Politics in Australia has got itself a singularly bad name. And without the likes of Tony Windsor, Judi Moylan and Rob Oakeshott, who is going to lead its rehabilitation?
Despite its under-valued success in enacting important business, the 43rd Parliament has failed to halt the slide in the reputation of politics and of many of those who engage in it. The leaders and managers of the major parties must take the responsibility. To the ongoing turmoil of the Labor Party's leadership situation has been added the persistent refusal of the Opposition to fully accept its status as an opposition and the validity of the elected Parliament.
It is ironic that Tony Windsor and Rob Oakeshott, who have resolutely provided the support the Gillard Government has needed in order to govern, made improved parliamentary processes an important part of what they required for cutting the deal. The Parliamentary Budget Office has been strengthened, which should mean greater clarity about the cost of commitments made in the election campaign. There has been a significant focus on regional health infrastructure - not just in New England and Lyne - and the two have played a key role in nation-building changes in taxation, disability and education. But many of their aspirations for improved parliamentary processes and behaviour have not materialised.
The Parliament now ending has been industrious, including on matters of interest and importance to the people of rural, regional and remote areas. There have been a great number of Parliamentary Inquiries, including those of the House of Representatives Standing Committee on Regional Australia which owes its existence to the regional Independents: on the FIFO workforce; and on the Murray-Darling Basin. Senators such as Claire Moore, Sue Boyce, Rachel Siewert and Fiona Nash have done a power of work with and for the people of rural and remote Australia. But the profession within which they work is let down by its systems and the systems' managers.
But hopefully all is not lost. Here is an eight-point plan for rehabilitating professional politics in Australia.
- The focus of political discussion should be on policy issues, not power and leadership. The citizens of Australia need to see the connection between what politicians are discussing and the citizens' daily lives - and what they care about beyond that.
- There must be a much more bipartisanship, rather than continual 'oppositionalism' in the name of party brand differentiation. Voters don't mind if political parties agree on issues, and they can be trusted to differentiate between the various parties on other grounds. The current bipartisanship on Closing the Gap in Indigenous health and wellbeing, and on DisabilityCare Australia, are good examples of the sort of credit political parties can easily earn.
- The corpus of politicians should reflect the whole community. There should be equal numbers of men and women; and representatives of ethnic and cultural groups in due proportion. This is something that only the systems can achieve, not individual politicians.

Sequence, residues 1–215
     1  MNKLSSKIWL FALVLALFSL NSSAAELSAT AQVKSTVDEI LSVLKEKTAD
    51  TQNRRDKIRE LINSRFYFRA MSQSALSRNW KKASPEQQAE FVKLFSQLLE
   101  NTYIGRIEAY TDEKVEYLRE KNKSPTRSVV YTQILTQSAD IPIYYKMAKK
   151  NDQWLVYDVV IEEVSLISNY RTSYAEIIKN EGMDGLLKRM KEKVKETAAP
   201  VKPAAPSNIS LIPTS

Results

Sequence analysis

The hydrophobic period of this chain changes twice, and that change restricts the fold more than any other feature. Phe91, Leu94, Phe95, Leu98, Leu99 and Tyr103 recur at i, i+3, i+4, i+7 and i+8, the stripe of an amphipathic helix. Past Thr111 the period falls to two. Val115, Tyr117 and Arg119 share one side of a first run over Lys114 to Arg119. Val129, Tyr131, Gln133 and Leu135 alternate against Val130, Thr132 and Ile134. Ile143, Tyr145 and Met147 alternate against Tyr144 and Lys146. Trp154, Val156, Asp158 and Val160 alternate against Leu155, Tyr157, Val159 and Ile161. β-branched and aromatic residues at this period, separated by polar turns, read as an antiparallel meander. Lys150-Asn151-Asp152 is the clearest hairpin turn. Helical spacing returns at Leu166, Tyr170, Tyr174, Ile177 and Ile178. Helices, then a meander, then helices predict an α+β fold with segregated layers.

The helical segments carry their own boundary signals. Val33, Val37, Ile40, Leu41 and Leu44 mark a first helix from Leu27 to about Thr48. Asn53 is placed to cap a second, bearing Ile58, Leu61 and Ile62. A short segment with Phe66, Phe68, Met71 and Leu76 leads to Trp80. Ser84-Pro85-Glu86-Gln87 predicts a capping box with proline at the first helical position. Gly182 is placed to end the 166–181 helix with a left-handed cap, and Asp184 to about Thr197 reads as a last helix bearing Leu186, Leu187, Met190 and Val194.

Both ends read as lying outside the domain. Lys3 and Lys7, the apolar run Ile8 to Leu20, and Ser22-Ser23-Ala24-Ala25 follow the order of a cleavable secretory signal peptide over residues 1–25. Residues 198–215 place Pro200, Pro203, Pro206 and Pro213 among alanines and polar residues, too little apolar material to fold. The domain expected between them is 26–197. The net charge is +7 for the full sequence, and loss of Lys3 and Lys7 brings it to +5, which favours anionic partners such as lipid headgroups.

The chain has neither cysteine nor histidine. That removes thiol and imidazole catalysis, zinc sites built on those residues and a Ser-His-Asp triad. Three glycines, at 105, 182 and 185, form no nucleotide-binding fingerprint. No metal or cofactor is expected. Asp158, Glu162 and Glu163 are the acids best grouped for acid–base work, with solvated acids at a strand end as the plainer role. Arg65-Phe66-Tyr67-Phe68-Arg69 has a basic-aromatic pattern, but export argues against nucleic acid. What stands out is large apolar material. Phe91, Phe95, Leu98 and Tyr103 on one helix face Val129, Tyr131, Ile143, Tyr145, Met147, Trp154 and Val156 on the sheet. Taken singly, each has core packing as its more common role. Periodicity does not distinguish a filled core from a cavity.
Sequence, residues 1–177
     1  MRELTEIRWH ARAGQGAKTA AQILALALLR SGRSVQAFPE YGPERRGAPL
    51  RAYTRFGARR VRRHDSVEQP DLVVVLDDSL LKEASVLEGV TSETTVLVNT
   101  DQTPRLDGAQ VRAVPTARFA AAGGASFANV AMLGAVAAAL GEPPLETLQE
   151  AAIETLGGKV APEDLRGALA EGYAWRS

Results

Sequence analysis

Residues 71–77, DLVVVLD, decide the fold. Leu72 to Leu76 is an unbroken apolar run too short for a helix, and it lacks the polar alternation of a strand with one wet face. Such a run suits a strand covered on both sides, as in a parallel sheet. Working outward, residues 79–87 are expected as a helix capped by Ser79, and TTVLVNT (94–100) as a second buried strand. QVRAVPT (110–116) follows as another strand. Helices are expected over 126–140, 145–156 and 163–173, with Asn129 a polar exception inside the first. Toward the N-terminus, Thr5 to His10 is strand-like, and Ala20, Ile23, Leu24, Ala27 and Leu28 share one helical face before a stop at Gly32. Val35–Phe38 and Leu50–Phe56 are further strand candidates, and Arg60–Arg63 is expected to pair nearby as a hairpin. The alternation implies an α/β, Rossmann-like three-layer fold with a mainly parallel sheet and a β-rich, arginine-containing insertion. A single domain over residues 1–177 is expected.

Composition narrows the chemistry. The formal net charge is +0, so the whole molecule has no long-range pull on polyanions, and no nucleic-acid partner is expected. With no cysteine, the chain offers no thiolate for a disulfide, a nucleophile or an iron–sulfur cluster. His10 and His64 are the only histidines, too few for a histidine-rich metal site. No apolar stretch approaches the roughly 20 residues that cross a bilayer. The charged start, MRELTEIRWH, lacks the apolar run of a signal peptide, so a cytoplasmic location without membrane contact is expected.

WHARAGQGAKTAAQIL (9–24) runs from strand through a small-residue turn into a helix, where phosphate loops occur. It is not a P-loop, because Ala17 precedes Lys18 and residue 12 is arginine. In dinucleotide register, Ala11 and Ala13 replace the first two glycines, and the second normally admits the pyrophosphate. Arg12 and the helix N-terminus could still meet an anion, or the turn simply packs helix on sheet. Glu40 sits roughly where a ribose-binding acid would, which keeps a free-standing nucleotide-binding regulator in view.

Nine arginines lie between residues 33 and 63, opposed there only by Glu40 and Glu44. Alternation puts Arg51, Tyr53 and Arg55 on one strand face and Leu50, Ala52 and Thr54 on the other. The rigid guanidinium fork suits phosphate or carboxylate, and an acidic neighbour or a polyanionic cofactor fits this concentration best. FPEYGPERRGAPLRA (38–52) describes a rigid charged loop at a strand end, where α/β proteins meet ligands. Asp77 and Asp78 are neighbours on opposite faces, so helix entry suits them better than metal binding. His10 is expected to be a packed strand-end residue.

- Whatever political model or principle our politicians adhere to, top priority should be given to the needs of Australia's most disadvantaged and marginalised people. Until it is so, the divide will increase between those who have substantial education, work, good income, housing, safety and health - and those who do not.
- Whatever issue is at stake, the politicians' search should be for the national interest - not just for the next three years, but for future generations as well. Investments in nation-building infrastructure such as the NBN, and in major social reforms such as DisabilityCare Australia, should not be judged by their costs and returns in the life of a single parliament.
- Politicians must recognise that Australia is a wonderful part of a fabulous but fragile global system: ecologically, economically and socially. The identification of Australia's national interest will take account of how it impacts on other people, other economies and the global environment. This is the context in which Australia's decisions on refugees and migrants, climate change and the UN's eight Millennium Development Goals should be made. People want their politicians to help them contribute to "building a better world" for the future.
- When politicians talk to the public or to each other, one would like to hear real people exchanging real views. It is disappointing to hear the same practised catch-phrases and daily lines being spun from the mouths of those with responsibility to think and make policy decisions.
- It is fine for the major political parties to insist that they are 'broad churches'. This is something to be celebrated rather than used only as a justification for party members who fail to follow centrally-agreed party lines. (It is so depressing that the best speeches are heard triennially as valedictory addresses.)
Good luck to those who, right now, are considering a life in politics and are willing to risk some independence. We need you. And thanks to those who have tried to be better than cogs in a party machine. We understand about the personal costs but it's a great pity the wisdom of the electorate won't be tested on the value you have given.
"It's good to be with you."